UK Census on line.

July 16, 2014

GenesReunited have the Census returns 1841 – 2011 available at:

A search of the 1911 Census (England and Wales only) gave results:

BIDGOOD    784

BEDGOOD      48


BITGOOD        0

B__GOOD Letter #15 found.

June 2, 2014

The missing link to Letter #15 has been restored on the main Letter page.

Judging by the complete lack of feed back over the last three months on the contents of this page it was effectively out of public view, your Editor apologizes for this.

United States Historic Territorial Growth

May 3, 2014

For a linked series of maps showing the growth of the United States during the last 170 years see:

It would be interesting to compare these maps with the spread of the B_GOOD name with time.

Mocavo data site.

February 8, 2014


The Mocavo pay site contains a very mixed bag of data, mainly  from USA, UK and Canada, and ranging from Revolutionary War records to the present. You can search for your names without payment and see a short version of the source which you could then follow up on Mocavo or elsewhere.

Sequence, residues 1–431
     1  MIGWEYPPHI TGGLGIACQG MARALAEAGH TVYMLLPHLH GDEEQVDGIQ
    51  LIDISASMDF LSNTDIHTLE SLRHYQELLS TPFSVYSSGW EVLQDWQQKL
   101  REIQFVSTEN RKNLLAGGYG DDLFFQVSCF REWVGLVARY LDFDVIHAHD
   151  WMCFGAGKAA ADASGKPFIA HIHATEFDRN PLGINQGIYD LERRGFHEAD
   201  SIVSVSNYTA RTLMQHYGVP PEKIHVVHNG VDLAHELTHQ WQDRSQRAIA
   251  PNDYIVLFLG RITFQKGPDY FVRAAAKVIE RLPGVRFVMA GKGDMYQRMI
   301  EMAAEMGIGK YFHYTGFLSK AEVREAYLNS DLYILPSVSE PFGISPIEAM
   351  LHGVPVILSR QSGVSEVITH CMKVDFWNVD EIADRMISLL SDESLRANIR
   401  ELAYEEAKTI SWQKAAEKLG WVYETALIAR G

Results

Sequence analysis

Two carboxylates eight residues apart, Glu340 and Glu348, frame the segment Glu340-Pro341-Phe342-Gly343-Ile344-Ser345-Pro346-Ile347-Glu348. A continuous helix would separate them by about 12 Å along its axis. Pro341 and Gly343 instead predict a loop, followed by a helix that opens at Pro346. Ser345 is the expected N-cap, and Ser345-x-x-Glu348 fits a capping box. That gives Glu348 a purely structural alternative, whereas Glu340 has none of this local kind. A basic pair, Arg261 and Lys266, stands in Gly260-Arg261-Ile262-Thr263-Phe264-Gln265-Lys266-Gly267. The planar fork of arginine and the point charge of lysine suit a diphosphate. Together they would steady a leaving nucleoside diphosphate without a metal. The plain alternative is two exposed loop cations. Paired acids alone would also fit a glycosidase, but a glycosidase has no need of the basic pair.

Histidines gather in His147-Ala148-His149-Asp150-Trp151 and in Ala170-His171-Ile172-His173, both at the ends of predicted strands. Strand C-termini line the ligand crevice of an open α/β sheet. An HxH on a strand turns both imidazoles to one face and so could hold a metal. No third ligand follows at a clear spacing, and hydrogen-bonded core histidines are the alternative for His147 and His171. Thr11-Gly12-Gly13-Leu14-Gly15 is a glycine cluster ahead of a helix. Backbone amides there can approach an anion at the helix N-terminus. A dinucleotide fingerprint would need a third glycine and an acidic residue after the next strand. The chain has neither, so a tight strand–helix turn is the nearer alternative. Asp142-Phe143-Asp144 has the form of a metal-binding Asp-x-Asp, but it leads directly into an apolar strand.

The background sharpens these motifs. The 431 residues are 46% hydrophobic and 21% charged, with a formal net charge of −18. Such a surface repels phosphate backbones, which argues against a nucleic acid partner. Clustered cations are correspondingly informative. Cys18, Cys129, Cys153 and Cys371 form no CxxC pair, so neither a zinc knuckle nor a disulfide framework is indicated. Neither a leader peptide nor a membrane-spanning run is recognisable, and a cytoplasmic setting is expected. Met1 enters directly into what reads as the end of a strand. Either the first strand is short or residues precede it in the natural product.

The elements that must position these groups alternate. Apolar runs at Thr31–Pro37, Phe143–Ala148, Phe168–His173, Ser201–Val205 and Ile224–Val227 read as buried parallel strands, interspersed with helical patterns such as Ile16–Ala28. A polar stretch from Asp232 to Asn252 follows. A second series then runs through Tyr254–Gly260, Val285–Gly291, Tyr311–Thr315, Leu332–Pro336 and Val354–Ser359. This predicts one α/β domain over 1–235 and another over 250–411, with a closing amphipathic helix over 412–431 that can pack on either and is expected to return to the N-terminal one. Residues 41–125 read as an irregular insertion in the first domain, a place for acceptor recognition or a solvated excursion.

A quick search for our B__GOOD names found:

Bidgood   3469

Bedgood   1880

Bedggood   195

Bitgood      697

This suggests that their data is limited but they do seem to have accessed some unusual sources, so worth a visit if not a subscription.

Australian Deaths

February 6, 2014

The Ryerson Index is a free index to death notices appearing in Australian newspapers at:

The date range covered extends from the Sydney Gazette of 1803 up to newspapers published within the last week or so. The Index also includes many funeral notices, and some probate notices and obituaries.

A quick search on B__ good names found:

Bidgood 87

Bedggood 4

Bedggood 60 and findmypast UK records comparison.

January 17, 2014

Lostcousins newsletter compares and findmypast for UK record searches see:

B__GOOD Notes 2013 in review

January 4, 2014

By courtesy of wordpress:

Here’s an excerpt:

A New York City subway train holds 1,200 people. This blog was viewed about 6,500 times in 2013. If it were a NYC subway train, it would take about 5 trips to carry that many people.

Click here to see the complete report.